Written by Anna Harrison
There’s a chance I might have enjoyed Mother Schmuckers if I were a frat bro sitting in my frat house with my fellow frat friends and we were all very high. Unfortunately, I am not a frat bro, and I watched this stone-cold sober in my bedroom.
Mother Schmuckers begins with its two lead characters, brothers Issachar (Maxi Delmelle) and Zabulon (Harpo Guit) attempting to force-feed their sex worker mother (Claire Bodson) their own fried shit. Their mother promptly vomits, and we are forced to look at the bile as the title card appears in it. Things don’t get any more sophisticated from there.
The bulk of the movie chronicles the brothers’ attempts to get their dog, January Jack (whom their mother—understandably, might I add—loves more than them), back home after they lost him. What follows is one vile thing after another, from bestiality to necrophilia, ostensibly played for laughs but lacking in any humor whatsoever.
There are the faintest glimmers of something funny, such as when the brothers acquire a gun and chase each other through the streets of Brussels and onlookers think these two idiots are terrorists, or when the two are roped into dancing for a terrible music video. There are the briefest glimpses of an emotional undercurrent regarding the boys’ relationship to their mother, but any tenderness is quickly zapped away by whatever appalling hijinks Issachar and Zabulon get into next. The low-budget, frenetic cinematography and editing could almost be charming if they weren’t showcasing such uncharming scenes. So, what are we left with? Not much, it would seem.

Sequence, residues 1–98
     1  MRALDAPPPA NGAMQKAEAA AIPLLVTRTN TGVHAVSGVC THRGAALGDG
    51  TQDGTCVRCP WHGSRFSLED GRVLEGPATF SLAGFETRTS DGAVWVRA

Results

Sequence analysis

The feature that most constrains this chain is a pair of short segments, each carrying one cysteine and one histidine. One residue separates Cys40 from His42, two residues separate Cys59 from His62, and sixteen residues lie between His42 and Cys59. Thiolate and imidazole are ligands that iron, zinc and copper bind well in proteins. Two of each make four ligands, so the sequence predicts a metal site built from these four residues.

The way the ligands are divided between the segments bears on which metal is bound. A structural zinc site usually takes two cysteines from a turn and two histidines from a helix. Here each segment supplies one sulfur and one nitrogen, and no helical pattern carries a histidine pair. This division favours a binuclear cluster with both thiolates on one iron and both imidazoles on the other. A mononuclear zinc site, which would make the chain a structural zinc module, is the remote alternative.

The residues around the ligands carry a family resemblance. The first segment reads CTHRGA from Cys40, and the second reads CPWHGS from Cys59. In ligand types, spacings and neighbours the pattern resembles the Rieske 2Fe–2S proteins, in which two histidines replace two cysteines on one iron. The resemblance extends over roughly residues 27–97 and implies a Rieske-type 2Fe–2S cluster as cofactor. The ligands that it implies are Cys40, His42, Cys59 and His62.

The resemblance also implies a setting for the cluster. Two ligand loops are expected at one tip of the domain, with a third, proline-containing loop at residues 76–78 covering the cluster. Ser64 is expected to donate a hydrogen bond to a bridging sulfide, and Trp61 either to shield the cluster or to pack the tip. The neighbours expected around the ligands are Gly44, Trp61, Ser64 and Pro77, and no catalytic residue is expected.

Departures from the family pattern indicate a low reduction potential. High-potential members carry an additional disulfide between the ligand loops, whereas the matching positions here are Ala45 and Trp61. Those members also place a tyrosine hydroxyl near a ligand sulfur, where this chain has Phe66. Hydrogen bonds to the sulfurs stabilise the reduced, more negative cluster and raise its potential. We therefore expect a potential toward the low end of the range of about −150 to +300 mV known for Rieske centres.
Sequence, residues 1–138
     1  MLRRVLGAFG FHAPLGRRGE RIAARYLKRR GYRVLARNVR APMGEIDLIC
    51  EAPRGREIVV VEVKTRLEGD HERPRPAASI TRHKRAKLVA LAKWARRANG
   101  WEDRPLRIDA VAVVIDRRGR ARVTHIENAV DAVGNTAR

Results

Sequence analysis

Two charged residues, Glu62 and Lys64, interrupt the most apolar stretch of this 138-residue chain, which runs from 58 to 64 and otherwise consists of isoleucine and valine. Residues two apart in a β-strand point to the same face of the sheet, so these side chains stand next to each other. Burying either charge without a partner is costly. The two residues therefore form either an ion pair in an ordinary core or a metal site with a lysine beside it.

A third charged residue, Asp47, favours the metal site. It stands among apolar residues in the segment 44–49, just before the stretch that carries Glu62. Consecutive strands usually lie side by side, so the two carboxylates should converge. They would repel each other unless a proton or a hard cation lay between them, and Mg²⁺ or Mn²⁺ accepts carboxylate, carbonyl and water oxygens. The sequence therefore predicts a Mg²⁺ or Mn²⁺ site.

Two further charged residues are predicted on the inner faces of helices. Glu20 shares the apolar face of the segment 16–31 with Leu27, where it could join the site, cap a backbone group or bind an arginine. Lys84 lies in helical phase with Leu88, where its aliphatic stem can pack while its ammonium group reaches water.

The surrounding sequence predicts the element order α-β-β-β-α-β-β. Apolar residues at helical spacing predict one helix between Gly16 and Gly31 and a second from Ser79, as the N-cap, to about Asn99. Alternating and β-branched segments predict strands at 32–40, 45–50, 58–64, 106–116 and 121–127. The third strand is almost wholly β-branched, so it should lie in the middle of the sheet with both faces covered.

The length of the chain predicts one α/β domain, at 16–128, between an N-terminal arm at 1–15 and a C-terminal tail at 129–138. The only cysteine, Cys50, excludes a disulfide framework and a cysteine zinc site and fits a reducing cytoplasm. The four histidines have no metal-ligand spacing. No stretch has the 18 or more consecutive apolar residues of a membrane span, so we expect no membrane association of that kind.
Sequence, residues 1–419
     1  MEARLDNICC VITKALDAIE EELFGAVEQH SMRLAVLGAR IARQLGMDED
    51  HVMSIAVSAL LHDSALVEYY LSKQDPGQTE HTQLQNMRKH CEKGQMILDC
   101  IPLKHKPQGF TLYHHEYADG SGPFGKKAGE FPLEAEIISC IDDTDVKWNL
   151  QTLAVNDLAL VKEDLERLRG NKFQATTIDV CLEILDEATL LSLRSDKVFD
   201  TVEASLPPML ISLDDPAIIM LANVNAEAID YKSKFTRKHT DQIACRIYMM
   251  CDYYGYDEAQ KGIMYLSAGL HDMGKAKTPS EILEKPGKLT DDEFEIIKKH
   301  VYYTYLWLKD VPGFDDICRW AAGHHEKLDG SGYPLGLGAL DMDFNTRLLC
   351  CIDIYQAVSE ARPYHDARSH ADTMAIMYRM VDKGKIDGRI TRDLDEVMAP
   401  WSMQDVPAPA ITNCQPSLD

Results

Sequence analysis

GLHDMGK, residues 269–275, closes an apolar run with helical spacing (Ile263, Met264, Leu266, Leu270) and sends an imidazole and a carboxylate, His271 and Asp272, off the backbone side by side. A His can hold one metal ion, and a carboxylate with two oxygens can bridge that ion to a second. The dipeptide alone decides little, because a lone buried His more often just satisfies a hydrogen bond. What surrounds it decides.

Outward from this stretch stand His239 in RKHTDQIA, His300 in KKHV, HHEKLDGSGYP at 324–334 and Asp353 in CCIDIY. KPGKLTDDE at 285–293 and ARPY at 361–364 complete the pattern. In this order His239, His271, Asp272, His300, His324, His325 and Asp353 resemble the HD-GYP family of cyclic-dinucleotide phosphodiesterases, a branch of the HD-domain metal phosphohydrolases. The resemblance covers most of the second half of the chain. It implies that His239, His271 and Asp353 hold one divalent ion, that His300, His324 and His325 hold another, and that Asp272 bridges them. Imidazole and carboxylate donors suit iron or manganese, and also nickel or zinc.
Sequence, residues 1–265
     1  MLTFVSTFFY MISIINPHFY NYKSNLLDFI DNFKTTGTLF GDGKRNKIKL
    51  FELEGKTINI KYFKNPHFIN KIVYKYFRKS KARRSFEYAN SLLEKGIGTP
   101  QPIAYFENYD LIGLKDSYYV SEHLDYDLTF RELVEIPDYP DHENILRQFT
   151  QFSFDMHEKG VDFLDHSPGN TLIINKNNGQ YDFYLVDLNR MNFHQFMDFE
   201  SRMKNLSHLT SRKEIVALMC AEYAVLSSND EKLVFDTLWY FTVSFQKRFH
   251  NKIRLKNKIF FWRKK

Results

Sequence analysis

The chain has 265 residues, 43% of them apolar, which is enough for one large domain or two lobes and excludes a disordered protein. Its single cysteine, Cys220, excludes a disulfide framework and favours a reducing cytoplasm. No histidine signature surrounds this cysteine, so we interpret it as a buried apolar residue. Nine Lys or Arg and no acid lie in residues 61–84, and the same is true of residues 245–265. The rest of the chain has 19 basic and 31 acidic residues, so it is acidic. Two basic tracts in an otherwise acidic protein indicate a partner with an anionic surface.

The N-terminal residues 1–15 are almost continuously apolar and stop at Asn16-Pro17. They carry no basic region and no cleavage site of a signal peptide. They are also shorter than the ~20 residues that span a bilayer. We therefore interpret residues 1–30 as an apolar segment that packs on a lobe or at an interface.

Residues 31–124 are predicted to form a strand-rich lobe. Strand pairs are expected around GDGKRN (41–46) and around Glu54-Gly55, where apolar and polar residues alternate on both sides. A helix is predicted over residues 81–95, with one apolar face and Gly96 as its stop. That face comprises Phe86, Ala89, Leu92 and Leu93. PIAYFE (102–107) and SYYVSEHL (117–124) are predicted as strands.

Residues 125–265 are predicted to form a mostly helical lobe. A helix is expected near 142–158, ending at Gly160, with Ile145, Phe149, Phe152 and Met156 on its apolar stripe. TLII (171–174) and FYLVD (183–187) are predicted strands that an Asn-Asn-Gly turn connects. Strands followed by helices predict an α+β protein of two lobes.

The problem is not that the brothers are completely irredeemable—media is full of morally murky protagonists, and when done well, we still are invested in them at the end of the day regardless of their morality. We can even find them funny: I don’t think anyone would call the gang in It’s Always Sunny in Philadelphia upstanding citizens, but it’s the longest-running American television comedy because it makes its characters’ unlikability funny. Mother Schmuckers, however, foolishly equates crassness and grossness with humor, leaving us with a distinctly unfunny movie that lacks any sort of pathos, therefore eliciting no emotion other than disgust.
Mother Schmuckers does not ever attempt to be a sophisticated film (aside from a brief appearance by Mathieu Amalric, whom I can only assume was forced at gunpoint to be in this), but it seems to think it’s a funny one. It’s wrong.
Mother Schmuckers Trailer